Tigers make statement


When the Altoona Mountain Lions opened their season last week by thrashing traditionally-respected Cumberland Valley, most figured the crosstown rivals from Hollidaysburg arrived at Mansion Park as underdogs Friday night.

Well, as Lee Corso might say, “Not so fast, my friends.”

If the Tigers were underdogs, they didn’t get the memo, evidenced by their convincing 26-12 victory.

Or maybe they did get the memo, and it stoked their motivation.

“I know how it is. They beat Cumberland Valley, and that’s all anybody wanted to talk about,” Hollidaysburg coach Homer DeLattre said. “They were glorified, no offense. But we said we’re the best football program in the area, and we proved that again tonight.”

At least in this rivalry, there’s no argument.

Hollidaysburg’s victory was its third straight over the Lions and also ended with the Tigers taking a knee at the Altoona 3-yard line.

“This is the greatest thing we could ever do — senior year, and we’ve gone undefeated against them,” senior defensive end Gavin Amick, whose pressure in the end zone helped create a safety and a 9-0 lead in the second quarter. “I can’t put it into words.”

“This game means everything,” senior center Michael Scarpelli said. “This is the game we were looking forward to. We wanted to get that 3-0 for the seniors, and it feels great.”

Hollidaysburg, now 2-2, dominated both sides of scrimmage, converting their first four third-down opportunities and then a fourth-and-14 with a 16-yard completion from Bryce Martellacci to Evan Brozenich.

On defense, the Tigers stuffed Altoona’s first advance on fourth-and-short and, after taking a 7-0 lead, pressured Lion quarterback Marcus Day into a generously-called safety but one that still came with three defenders draped all over Day in the end zone.

“Coach (Homer DeLattre) talked about controlling the line of scrimmage, and I think we did that,” Scarpelli said.

Altoona coach Vince Nedimyer agreed.

“They were physical. And that’s our goal — any football team you want to be more physical than your opponent, and that didn’t happen for us tonight,” he said. “That’s a credit to them. They stopped us on fourth down, and they went down the field and kind of set the tempo for the game.”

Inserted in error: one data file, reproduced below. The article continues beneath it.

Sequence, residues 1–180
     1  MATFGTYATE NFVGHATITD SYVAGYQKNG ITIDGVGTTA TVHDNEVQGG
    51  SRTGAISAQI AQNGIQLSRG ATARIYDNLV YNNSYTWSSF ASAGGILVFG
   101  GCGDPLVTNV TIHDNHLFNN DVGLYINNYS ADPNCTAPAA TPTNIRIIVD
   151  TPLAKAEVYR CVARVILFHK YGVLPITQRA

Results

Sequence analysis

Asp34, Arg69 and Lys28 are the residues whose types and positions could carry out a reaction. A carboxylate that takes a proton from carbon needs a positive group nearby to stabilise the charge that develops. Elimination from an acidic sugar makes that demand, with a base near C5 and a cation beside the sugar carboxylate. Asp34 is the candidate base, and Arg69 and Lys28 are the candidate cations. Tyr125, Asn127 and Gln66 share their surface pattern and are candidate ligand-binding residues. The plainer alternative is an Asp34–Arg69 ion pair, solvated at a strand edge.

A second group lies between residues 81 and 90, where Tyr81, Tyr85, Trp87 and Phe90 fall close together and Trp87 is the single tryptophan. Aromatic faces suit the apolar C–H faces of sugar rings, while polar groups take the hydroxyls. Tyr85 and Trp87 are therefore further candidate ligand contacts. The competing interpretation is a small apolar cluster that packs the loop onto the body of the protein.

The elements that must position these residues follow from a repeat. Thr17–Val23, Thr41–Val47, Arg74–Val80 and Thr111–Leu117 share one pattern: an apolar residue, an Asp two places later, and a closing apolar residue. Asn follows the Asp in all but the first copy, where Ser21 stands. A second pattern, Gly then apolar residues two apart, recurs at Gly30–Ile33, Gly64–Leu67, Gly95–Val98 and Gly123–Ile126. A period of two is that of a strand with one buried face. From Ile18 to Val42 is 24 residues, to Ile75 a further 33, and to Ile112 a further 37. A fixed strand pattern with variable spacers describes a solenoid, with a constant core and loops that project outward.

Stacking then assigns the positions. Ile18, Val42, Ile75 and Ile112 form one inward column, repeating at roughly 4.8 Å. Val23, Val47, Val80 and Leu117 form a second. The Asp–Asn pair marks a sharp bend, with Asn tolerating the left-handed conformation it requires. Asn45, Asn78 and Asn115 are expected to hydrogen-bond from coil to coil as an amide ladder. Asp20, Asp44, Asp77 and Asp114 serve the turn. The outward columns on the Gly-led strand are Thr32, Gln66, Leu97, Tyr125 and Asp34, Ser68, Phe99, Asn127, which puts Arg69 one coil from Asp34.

Each time Altoona pulled within a score — first at 9-6 and then at 12-6 — the Tigers answered with a score. Their special teams were also efficient.

“We had some good plays, a couple formations,” DeLattre said. “We have some tremendous coaches that within a few plays, we can figure out what our opponent is going to do and adjust.”

Nedimyer: “Its being prepared to play and how you come out and being able to adjust on the run, and they did that better than we did.”

After Altoona played to a large crowd in its opener, Gov. Wolf did another about-face and limited Friday’s attendance to 250 — including the teams.

That meant parents-only, and Nedimyer called the situation “odd” but made no excuses.

“That’s out of our control,” he said. “It still was a good atmosphere, and it’s something these kids will remember the rest of their lives. They’ve gotten us the last three times, and that’s a credit to them.”

DeLattre’s message to his team was, “worry about ourselves and what we can control.”

“We don’t worry about the other factors — who plays and who beats who,” he said. “If we get better all year long, then we’re going to be in every game we play.”

Nedimyer spent time in the past few years on DeLattre’s staff. DeLattre called him “a wonderful guy,” and Nedimyer shares the respect.

“I interviewed for the (Hollidaysburg) job when he got it (in 2013),” Nedimyer said. “I’ve known those guys, (Tiger assistants) Todd (Consiglio) and R.J. (Albarano), for a long time. We’ve got a good relationship. Homer’s a great guy, and his teams are always prepared, and it kind of showed tonight.”

Rudel can be reached at 946-7527 or nrudel@altoonamirror.com


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